The sayings of Jesus, which are often termed "discourse," more frequently turn out to be debates. The discussions of Jesus with "the Jews" in the first twelve chapters become a great contest or lawsuit. The Johannine "argumentativeness," of which Professor Burkitt complained, provides the ideal conceptual background for a controversy in which one might reasonably expect witnesses to be called and evidence to be presented to establish a case.
The Fourth Gospel abundantly fulfills this expectation. Witnesses are prominent in this Gospel. One only has to mention John the Baptist, the Old Testament Scriptures, the words and works of Christ and the forensically described activity of both the apostles and the Holy Spirit to see the validity of this remark for the Fourth Gospel Viewed in this light, John's Gospel has a strongly juridical character. Unlike other early Christian apologists e. He is aware that Jewish readers disposed to contest his basic thesis can advance quite different explanations of the same passages.
In place of proof texts the Evangelist offers a number of actual eyewitnesses qualified to speak on behalf of Jesus, whose Messianic credentials have been widely questioned and disputed by the Jews. In this delicate situation John presents independent witnesses and offers concrete evidence to defend and bolster the Christian claims for the Messiah-ship and divine Sonship of Jesus Chapters l The Unfolding Controversy Let us examine this witness theme more closely, for it assumes major importance in John's Gospel. In its very midst is placed the testimony of John the Baptist, a man "sent from God" on a definite assignment: "He came for witness, that he might bear witness of the light, that all might believe through him" , 7.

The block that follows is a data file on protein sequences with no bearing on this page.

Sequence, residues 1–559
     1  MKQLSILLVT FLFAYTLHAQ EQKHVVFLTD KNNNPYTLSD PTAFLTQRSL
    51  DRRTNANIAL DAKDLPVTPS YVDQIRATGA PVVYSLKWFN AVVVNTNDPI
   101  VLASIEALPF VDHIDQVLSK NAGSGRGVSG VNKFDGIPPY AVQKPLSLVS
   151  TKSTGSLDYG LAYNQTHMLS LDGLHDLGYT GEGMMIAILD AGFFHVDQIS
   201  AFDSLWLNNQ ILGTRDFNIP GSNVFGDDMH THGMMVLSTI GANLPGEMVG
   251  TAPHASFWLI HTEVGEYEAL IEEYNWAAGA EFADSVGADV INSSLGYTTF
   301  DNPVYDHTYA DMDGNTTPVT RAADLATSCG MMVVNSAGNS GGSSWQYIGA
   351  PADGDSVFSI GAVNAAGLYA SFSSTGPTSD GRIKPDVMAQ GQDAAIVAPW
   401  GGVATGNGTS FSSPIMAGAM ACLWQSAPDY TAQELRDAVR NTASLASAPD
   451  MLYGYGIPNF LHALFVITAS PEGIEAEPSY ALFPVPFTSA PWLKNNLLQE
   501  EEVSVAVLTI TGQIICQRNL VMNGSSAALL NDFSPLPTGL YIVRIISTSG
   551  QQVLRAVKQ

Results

John's testimony is not to be confused with much of the modern, self-centered, egotistical showmanship that often goes by that name. His witness is presented in a distinctly Christocentric light: "He was not the light, but came that he might bear witness of the light" The nature of the Baptist's witness is defined more fully in John , where John recognizes his own inferior position and probably asserts the Messiah's preexistence cf.